Group Launches ‘Impeach Kavanaugh’ Petition Seconds After Confirmation

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Free Speech for People, a self-described non-partisan organization fighting for limited campaign spending, launched a petition to impeach Brett Kavanaugh from the Supreme Court immediately after the full Senate voted 50-48 to confirm him.

Free Speech for People’s petition to remove Kavanaugh from the Supreme Court hinges on far-fetched claims that the judge perjured himself numerous times since President George W. Bush nominated Kavanaugh for a seat on the D.C. appellate court in 2004. The group is demanding the House Judiciary Committee  hold hearings into the uncorroborated accusations of sexual misconduct against Kavanaugh and calls for lawmakers to probe whether the judge lied during his previous nomination hearings.

Free Speech For People legal advisory committee member Lisa Graves said in a statement:

Even though the U.S. Senate has recklessly confirmed Judge Kavanaugh to the U.S. Supreme Court, the evidence remains that he committed perjury multiple times during these hearings and during his nomination hearings in 2004 and 2006 for a seat on the U.S. Court of Appeals for the D.C. Circuit. And now there is disturbing evidence suggesting that he may have committed sexual assaults, and once again, lied about it to the Senate. It is imperative for the House Judiciary Committee to begin an impeachment investigation of Justice Kavanaugh. A judicial officer who has committed perjury, let alone sexual assault, does not belong on the Supreme Court or on any court in America.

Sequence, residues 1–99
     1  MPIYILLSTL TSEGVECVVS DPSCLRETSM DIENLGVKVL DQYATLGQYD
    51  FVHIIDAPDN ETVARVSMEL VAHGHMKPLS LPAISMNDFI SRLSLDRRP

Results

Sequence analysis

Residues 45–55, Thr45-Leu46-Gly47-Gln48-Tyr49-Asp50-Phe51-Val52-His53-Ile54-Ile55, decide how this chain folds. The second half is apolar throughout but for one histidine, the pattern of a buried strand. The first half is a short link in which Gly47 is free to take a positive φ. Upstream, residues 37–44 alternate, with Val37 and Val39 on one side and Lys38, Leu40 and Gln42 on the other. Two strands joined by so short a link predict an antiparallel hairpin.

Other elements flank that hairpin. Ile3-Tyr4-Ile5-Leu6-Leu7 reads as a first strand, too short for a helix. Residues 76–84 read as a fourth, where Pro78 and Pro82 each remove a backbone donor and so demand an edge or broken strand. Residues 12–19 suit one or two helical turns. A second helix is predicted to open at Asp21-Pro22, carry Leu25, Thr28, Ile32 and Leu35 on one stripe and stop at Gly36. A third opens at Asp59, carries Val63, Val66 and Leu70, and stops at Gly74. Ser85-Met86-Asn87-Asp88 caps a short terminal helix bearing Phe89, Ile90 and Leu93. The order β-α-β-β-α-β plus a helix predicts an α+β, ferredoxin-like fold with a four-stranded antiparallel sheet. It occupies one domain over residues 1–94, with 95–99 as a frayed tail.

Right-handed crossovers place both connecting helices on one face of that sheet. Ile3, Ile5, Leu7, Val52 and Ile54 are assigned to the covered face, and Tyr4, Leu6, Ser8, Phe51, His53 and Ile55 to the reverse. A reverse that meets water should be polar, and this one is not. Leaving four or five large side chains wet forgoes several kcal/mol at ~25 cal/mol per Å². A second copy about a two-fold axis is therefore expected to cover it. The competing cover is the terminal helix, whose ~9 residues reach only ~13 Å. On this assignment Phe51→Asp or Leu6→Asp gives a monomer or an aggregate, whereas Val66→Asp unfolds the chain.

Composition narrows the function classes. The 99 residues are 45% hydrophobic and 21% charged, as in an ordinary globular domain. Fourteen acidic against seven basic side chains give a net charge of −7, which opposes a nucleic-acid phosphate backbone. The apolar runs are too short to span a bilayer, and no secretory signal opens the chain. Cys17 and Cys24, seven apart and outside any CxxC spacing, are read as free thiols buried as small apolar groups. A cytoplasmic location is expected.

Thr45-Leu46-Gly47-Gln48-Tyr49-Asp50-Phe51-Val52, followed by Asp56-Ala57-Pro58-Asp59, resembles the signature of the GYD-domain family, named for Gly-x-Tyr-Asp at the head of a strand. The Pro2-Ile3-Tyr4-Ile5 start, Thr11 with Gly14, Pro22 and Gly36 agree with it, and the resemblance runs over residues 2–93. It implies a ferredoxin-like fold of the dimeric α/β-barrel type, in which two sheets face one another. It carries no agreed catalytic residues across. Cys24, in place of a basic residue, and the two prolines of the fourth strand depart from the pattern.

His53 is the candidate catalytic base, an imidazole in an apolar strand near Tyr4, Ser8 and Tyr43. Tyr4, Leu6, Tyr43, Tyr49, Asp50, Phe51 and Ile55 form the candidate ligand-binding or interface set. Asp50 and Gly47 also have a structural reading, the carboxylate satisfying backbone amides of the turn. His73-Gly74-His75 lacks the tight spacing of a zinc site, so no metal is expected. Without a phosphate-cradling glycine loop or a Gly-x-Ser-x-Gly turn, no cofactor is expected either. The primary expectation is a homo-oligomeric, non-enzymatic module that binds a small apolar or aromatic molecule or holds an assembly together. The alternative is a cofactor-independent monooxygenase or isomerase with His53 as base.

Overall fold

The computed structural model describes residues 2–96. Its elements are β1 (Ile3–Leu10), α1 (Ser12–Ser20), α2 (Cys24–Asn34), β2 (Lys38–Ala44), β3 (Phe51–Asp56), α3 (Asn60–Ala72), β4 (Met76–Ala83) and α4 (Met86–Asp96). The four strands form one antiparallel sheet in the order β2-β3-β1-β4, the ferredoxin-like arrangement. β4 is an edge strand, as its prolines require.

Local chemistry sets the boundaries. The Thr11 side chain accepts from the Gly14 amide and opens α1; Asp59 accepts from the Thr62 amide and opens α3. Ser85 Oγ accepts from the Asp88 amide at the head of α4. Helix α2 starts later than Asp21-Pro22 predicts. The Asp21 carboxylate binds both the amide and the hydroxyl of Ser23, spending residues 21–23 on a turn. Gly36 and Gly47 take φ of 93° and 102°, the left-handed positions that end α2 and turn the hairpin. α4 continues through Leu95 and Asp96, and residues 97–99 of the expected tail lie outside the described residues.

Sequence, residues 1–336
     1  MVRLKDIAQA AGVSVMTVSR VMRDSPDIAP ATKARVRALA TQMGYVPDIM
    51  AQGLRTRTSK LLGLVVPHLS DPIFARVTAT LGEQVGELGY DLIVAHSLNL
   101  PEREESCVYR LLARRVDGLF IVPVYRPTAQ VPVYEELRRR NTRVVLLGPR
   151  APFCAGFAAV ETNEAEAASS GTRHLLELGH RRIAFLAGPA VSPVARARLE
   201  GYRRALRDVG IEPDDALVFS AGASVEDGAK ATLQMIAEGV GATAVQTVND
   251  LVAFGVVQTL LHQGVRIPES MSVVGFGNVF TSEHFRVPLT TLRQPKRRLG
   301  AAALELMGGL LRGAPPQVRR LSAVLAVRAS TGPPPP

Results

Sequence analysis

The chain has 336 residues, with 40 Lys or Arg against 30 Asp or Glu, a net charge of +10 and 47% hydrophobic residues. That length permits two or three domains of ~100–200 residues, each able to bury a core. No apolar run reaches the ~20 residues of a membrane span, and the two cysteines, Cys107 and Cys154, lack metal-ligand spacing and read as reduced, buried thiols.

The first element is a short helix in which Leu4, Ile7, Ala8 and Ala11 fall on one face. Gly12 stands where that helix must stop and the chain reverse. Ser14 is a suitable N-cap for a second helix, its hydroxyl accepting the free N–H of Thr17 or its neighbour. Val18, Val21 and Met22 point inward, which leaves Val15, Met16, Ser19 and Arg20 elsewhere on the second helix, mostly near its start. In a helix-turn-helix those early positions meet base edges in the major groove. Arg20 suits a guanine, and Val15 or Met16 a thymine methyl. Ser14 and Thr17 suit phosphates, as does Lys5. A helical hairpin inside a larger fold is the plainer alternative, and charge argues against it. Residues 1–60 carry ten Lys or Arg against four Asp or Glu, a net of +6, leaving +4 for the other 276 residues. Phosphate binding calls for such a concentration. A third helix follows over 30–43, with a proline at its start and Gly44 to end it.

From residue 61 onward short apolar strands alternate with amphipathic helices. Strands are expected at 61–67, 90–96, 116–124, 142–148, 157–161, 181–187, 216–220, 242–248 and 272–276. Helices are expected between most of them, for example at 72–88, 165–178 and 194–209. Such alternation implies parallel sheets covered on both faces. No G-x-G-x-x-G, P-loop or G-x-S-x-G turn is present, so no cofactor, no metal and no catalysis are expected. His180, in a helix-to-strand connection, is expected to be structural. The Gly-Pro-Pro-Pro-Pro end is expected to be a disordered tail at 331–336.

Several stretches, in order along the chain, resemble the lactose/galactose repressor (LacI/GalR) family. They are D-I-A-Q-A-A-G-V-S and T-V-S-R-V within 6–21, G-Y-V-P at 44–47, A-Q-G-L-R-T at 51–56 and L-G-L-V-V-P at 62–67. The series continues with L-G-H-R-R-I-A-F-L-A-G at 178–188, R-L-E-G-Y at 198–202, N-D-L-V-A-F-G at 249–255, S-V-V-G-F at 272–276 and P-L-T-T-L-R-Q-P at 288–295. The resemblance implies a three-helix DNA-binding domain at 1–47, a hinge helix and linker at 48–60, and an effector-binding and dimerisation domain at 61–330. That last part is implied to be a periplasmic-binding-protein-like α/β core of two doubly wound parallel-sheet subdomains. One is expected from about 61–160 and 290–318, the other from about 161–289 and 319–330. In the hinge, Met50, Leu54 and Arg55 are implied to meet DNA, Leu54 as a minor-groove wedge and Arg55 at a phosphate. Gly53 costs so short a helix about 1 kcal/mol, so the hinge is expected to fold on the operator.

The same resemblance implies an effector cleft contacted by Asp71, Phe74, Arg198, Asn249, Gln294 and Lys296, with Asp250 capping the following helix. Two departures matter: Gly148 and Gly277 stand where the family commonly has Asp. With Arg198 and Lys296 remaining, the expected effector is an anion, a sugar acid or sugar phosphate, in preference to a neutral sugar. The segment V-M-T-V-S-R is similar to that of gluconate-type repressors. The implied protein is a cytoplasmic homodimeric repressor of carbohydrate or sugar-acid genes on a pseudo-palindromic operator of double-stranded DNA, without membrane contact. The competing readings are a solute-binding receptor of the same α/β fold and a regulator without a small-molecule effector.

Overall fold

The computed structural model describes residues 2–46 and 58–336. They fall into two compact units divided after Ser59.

In a statement, the court says Chief Justice John Roberts will administer the Constitutional Oath and retired Associate Justice Anthony M. Kennedy will administer the Judicial Oath in a private ceremony at the Supreme Court. Both oaths will be administered so Kavanaugh can participate in the work of the court immediately.

A formal investiture ceremony will take place at a special sitting of the court at a later date.

The near party-line vote capped a fight that seized the national conversation after claims emerged that Kavanaugh had sexually assaulted women three decades ago — which he emphatically denied. Those allegations magnified the clash from a routine Supreme Court struggle over judicial ideology into an angrier, more complex jumble of questions about victims’ rights, the presumption of innocence, and personal attacks on nominees.

Acrimonious to the end, the battle featured a climactic roll call that was interrupted several times by protesters in the Senate Gallery before Capitol Police removed them. Vice President Mike Pence presided over the roll call, his potential tie-breaking vote unnecessary.

The vote gave President Donald Trump his second appointee to the court, tilting it further to the right and pleasing conservative voters who might have revolted against GOP leaders had Kavanaugh’s nomination flopped.

The Associated Press contributed to this report. 


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